The research team created tissue modules, each in an optimized environment and separated them from common vascular flow through a selectively permeable endothelial barrier. The individual tissue environment can cross the endothelial barrier and communicate through vascular circulation. The researchers also introduced macrophage producing monocytes into the vascular circulation because they play an important role in guiding tissue response to injury and disease efficacy.
All tissues were derived from the same line of human induced pluripotent stem cells and obtained from a small number of blood samples to prove the ability of individualized and patient specific research. Moreover, in order to prove that the model can be used for long-term research, the team maintained tissues that had grown and matured for 4 to 6 weeks after being connected by vascular perfusion for another 4 weeks.
The researchers also demonstrated how the model can be used to study important diseases in the human environment and to examine the side effects of anticancer drugs. They studied the effects of doxorubicin, a widely used anti-cancer drug, on the heart, liver, bone, skin and vascular system. They showed that the test results summarized the effects reported in clinical studies using the same drugs for cancer treatment.
The model was used to study anticancer drugs
The team also developed a new multi organ chip computing model for mathematical simulation of drug absorption, distribution, metabolism and secretion. The model correctly predicted that adriamycin was metabolized into adriamycin alcohol and diffused into the chip. In the pharmacokinetic and pharmacodynamic research of other drugs in the future, the combination of multi organ chip and calculation method provides an improved basis for preclinical to clinical extrapolation, and improves the drug development process.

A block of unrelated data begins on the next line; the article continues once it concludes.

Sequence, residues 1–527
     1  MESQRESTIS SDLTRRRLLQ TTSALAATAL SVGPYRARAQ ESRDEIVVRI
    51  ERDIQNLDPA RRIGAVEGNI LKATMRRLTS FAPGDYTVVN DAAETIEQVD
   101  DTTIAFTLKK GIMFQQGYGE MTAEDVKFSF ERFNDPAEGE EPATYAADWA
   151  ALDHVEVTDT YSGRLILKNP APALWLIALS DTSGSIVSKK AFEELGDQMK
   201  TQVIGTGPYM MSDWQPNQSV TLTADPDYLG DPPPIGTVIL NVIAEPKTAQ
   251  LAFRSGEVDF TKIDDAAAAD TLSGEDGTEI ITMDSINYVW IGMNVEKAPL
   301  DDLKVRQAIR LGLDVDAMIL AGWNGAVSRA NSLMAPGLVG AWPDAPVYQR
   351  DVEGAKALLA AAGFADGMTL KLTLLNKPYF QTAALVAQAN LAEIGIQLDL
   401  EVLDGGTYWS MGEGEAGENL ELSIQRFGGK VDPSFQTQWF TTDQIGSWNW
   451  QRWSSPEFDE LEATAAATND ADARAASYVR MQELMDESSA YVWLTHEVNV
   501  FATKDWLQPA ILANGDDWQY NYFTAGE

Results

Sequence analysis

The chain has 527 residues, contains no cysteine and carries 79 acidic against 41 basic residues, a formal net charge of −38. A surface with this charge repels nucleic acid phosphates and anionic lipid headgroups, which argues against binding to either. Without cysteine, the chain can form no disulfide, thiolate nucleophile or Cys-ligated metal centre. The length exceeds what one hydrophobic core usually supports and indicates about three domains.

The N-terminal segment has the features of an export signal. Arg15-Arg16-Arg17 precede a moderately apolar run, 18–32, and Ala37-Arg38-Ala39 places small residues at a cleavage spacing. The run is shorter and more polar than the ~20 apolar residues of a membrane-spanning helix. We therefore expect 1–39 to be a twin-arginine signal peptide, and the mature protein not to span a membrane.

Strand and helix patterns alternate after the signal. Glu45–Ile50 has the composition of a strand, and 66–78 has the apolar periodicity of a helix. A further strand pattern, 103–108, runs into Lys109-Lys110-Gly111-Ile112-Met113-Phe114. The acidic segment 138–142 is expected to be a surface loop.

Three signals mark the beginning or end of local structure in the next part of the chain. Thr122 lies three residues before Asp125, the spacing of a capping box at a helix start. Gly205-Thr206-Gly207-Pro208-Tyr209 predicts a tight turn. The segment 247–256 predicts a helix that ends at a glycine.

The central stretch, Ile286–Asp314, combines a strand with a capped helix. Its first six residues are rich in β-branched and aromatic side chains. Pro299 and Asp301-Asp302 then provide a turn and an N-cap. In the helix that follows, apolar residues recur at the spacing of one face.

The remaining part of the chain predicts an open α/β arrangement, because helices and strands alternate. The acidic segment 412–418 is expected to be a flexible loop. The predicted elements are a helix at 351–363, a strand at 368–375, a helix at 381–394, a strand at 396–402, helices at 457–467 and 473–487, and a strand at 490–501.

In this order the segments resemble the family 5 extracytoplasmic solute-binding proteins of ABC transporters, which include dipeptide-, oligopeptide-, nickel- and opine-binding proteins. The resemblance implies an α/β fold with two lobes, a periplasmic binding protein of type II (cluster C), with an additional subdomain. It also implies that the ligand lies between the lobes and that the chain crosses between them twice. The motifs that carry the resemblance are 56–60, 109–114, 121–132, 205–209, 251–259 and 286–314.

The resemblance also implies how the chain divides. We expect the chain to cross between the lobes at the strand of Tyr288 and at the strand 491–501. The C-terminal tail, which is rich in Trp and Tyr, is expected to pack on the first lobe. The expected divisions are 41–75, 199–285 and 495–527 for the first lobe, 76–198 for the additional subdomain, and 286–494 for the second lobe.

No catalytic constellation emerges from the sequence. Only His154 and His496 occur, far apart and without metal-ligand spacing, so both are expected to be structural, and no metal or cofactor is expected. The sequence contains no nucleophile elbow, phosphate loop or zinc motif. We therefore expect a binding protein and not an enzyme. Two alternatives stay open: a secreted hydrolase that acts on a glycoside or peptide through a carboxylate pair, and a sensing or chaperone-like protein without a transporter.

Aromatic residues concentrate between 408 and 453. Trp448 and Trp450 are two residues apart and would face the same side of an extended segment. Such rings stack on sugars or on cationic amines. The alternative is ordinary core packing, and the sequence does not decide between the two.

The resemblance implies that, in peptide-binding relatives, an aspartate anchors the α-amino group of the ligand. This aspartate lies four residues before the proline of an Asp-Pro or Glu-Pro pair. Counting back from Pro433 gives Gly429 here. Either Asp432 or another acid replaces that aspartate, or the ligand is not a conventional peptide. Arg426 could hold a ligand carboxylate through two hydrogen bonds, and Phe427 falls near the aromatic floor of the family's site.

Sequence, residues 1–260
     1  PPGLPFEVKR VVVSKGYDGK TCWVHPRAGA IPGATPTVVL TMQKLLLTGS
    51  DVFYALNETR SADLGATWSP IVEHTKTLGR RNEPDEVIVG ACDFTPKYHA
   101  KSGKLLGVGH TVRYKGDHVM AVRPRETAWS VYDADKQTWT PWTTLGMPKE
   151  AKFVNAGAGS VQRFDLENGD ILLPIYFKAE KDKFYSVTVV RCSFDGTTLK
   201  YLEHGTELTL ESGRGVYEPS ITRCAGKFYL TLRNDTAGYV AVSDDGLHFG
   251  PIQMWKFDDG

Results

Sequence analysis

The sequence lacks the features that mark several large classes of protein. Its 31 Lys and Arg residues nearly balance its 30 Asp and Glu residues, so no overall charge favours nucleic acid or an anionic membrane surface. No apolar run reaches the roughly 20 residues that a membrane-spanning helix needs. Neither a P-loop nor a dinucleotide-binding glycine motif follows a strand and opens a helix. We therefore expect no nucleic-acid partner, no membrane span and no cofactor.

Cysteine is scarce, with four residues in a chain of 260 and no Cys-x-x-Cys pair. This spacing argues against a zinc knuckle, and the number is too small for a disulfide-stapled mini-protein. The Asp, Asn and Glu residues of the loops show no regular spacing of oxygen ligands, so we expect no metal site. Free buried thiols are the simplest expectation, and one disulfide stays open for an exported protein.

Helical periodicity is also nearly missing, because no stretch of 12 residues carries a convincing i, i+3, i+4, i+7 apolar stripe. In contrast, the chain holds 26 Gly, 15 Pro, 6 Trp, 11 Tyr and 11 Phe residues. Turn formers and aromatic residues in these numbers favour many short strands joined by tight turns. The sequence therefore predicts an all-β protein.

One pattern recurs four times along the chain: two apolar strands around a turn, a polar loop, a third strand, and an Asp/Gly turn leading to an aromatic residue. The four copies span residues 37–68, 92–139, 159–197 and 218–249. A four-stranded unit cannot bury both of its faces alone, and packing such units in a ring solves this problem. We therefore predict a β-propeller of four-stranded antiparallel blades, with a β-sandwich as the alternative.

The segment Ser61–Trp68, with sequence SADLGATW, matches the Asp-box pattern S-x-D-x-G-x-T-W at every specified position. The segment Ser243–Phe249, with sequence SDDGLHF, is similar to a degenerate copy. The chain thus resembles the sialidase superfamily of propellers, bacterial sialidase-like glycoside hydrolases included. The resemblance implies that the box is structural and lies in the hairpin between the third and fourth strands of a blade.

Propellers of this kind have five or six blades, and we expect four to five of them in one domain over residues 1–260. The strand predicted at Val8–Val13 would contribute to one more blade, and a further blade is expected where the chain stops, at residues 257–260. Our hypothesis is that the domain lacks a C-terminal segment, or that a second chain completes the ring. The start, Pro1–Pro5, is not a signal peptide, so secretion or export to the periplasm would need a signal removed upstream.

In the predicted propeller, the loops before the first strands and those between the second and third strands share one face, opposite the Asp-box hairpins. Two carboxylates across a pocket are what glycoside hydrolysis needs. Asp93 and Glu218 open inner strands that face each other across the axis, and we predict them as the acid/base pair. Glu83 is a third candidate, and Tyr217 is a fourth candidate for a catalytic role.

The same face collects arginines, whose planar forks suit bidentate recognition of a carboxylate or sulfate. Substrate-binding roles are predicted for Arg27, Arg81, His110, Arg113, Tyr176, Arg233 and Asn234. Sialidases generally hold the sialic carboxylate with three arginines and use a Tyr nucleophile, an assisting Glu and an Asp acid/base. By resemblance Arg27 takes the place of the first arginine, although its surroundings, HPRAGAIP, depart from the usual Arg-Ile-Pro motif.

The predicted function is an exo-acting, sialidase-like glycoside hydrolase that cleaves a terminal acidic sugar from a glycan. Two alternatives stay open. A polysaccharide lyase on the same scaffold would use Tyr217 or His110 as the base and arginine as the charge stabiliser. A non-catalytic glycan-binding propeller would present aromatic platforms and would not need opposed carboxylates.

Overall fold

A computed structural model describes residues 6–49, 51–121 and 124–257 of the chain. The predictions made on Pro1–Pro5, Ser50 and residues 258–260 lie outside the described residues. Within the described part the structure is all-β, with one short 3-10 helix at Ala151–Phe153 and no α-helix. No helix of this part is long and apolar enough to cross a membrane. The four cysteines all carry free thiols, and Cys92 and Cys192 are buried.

Researchers say the new technology can identify some early molecular markers of cardiotoxicity, which is a major factor limiting the widespread use of drugs. Most notably, the multi organ chip accurately predicts cardiotoxicity and cardiomyopathy, which usually requires clinicians to reduce the therapeutic dose of Adriamycin or even stop treatment.
The research team is currently using variants of the chip, all in an individualized patient specific environment. Such as breast cancer metastasis, prostate cancer metastasis, leukemia, the impact of radiation on human tissues, the impact of novel coronavirus on multiple organs, the impact of ischemia on the heart and brain, and the safety and effectiveness of drugs. The research team is also developing a user-friendly standardized chip for academic and clinical laboratories to help make full use of its potential to promote biological and medical research.
“We are excited about the potential of this approach. It is designed to study systemic diseases associated with injury or disease and will enable us to maintain the biological properties and communication of engineered human tissue, one patient at a time, from inflammation to cancer,” the researchers said